Universe Guide

Alpha Telescopii

Alpha Telescopii Facts

  • Alpha Telescopii is a subgiant star that can be located in the constellation of Telescopium. The description is based on the spectral class.
  • Alpha Telescopii is a main star of the constellation outline.
  • Based on the spectral type (B3IV) of the star, the star's colour is blue .
  • Alpha Telescopii is the 1st brightest star in Telescopium based on the Hipparcos 2007 apparent magnitude. The star can be seen with the naked eye, that is, you don't need a telescope/binoculars to see it.
  • Using the most recent figures given by the 2007 Hipparcos data, the star is 277.82 light years away from us. Distance

Alpha Telescopii's Alternative Names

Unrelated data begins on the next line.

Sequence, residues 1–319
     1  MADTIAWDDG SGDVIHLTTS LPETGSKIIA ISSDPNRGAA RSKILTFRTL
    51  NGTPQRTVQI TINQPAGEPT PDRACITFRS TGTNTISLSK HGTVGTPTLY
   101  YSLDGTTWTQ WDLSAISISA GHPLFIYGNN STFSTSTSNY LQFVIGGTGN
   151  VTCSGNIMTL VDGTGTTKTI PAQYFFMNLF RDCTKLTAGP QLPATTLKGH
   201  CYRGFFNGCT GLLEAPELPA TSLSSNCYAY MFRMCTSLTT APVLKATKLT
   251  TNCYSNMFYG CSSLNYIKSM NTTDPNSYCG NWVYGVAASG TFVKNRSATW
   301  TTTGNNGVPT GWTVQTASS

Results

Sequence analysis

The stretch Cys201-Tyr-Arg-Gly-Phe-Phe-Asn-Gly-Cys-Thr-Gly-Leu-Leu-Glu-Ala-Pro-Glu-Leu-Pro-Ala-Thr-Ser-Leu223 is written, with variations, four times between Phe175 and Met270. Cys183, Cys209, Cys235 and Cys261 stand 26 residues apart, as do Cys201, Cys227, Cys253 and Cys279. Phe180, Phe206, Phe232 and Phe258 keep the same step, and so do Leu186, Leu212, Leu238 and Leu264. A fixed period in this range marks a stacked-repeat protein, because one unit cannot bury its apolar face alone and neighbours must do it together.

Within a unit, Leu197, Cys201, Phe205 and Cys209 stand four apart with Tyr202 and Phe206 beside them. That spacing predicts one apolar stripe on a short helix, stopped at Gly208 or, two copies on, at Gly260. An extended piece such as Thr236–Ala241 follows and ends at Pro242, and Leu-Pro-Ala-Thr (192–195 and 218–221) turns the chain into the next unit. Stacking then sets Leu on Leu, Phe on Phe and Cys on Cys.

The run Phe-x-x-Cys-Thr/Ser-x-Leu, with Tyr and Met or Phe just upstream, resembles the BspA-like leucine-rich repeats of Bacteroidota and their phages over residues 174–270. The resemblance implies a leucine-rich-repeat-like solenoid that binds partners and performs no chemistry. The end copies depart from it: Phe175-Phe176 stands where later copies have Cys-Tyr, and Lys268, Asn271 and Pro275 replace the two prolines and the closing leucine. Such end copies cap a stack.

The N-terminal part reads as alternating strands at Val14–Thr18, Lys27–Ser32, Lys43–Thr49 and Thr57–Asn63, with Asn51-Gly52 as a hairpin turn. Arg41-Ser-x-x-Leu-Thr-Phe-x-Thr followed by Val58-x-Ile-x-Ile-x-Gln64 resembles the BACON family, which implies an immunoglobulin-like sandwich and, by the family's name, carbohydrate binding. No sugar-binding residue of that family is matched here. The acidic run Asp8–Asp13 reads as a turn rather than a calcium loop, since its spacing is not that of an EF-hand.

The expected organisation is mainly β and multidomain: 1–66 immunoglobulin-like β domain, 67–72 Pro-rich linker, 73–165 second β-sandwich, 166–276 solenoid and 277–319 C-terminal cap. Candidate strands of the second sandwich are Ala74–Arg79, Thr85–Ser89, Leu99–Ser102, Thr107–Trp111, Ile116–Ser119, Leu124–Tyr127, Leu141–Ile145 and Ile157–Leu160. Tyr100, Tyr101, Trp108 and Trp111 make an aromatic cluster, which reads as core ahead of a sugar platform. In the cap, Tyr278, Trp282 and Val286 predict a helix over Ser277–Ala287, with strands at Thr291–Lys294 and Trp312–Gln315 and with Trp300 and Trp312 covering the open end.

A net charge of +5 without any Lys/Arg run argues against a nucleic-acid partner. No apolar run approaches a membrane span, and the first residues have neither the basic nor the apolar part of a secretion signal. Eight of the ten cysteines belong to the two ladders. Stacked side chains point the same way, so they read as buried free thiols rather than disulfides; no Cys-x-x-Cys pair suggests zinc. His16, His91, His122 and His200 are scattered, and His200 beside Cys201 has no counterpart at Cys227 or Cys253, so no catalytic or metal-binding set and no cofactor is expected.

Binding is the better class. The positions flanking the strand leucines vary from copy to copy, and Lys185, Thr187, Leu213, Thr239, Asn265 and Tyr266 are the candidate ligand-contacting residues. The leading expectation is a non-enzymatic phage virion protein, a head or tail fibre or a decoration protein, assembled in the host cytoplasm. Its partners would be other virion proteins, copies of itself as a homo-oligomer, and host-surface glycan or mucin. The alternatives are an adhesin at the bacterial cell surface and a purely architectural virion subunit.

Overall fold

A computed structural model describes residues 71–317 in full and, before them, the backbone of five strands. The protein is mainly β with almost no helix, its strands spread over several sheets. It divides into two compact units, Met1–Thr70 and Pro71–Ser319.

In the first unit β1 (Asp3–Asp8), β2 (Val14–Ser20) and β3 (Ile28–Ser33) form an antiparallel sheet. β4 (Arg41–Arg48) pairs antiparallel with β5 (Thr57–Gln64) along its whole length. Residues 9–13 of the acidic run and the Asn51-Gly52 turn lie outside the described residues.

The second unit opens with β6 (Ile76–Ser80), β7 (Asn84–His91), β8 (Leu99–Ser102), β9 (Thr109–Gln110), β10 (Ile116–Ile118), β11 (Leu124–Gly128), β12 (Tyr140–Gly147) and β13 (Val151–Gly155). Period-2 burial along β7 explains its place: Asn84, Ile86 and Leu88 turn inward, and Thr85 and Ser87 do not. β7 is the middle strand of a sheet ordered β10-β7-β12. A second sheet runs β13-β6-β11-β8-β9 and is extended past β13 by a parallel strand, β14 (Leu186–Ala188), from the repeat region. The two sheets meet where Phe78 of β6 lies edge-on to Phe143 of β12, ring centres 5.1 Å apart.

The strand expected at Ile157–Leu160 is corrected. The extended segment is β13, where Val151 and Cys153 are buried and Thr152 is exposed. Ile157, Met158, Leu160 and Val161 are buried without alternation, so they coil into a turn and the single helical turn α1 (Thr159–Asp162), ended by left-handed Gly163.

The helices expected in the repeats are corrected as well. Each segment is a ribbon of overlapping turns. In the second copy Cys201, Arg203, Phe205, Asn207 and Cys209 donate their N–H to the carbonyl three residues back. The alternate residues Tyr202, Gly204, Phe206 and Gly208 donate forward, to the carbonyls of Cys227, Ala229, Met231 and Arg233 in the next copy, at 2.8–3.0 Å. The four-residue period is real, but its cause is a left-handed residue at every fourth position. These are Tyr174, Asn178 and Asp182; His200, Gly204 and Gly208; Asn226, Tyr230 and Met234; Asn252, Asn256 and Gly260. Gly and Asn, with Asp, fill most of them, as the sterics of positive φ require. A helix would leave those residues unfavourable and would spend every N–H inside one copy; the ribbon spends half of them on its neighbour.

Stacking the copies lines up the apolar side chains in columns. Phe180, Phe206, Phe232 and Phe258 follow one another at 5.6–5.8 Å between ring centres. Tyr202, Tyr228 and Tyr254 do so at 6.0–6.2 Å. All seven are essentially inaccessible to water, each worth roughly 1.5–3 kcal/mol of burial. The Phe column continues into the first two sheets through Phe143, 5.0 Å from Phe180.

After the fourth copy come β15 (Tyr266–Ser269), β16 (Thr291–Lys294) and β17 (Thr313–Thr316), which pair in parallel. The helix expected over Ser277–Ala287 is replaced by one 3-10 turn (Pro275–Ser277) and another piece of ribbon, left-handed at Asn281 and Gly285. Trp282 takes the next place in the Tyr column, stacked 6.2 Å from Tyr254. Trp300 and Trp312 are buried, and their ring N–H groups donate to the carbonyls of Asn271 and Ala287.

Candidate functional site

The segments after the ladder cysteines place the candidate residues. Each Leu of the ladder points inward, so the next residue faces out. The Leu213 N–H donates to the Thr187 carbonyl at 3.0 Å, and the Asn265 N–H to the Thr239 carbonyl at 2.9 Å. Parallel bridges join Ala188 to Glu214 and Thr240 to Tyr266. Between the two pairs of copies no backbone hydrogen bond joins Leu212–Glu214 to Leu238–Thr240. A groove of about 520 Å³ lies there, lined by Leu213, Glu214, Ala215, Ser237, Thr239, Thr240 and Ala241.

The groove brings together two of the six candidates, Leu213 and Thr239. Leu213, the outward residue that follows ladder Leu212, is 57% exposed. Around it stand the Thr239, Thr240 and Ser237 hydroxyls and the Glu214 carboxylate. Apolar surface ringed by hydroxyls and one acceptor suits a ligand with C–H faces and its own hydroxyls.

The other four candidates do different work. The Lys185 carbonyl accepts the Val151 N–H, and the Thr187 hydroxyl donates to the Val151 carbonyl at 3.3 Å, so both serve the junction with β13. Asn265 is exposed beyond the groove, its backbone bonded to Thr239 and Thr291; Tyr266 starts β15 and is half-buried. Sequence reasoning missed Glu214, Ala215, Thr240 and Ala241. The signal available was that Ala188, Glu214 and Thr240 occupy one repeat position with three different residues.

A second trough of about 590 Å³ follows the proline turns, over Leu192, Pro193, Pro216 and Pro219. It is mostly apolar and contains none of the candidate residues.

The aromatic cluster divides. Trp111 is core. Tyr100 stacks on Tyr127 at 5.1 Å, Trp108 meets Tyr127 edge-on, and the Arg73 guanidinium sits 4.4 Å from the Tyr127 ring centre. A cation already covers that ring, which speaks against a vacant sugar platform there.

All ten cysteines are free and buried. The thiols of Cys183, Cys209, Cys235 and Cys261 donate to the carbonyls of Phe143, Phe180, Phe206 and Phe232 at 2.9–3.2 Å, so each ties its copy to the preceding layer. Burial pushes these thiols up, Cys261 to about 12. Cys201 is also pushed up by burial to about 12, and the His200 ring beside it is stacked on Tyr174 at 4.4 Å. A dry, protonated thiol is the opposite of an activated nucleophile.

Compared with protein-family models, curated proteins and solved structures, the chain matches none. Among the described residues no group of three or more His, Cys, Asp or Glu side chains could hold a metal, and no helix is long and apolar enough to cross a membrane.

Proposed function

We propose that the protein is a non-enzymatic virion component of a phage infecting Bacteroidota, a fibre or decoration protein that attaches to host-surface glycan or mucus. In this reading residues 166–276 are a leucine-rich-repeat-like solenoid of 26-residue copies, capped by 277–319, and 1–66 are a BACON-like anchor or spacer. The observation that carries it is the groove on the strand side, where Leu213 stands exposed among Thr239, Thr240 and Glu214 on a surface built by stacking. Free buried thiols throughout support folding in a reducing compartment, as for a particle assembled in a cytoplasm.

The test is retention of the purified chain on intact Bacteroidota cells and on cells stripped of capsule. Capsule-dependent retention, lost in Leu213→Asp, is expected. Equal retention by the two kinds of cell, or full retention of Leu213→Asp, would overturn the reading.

Alpha Telescopii (Alf Tel) is the Bayer Classification for the star. The Bayer Classification was created by Johann Bayer in 1603. The brightest star in the constellation is normally given the Alpha designation, there are exceptions such as Pollux which is Beta Geminorum.

The Id of the star in the Yale Bright Star Catalogue is HR6897. HIP90422 is the reference name for the star in the Hipparcos Star Catalogue. The Id of the star in the Henry Draper catalogue is HD169467.

More details on objects' alternative names can be found at Star Names .

Location of Alpha Telescopii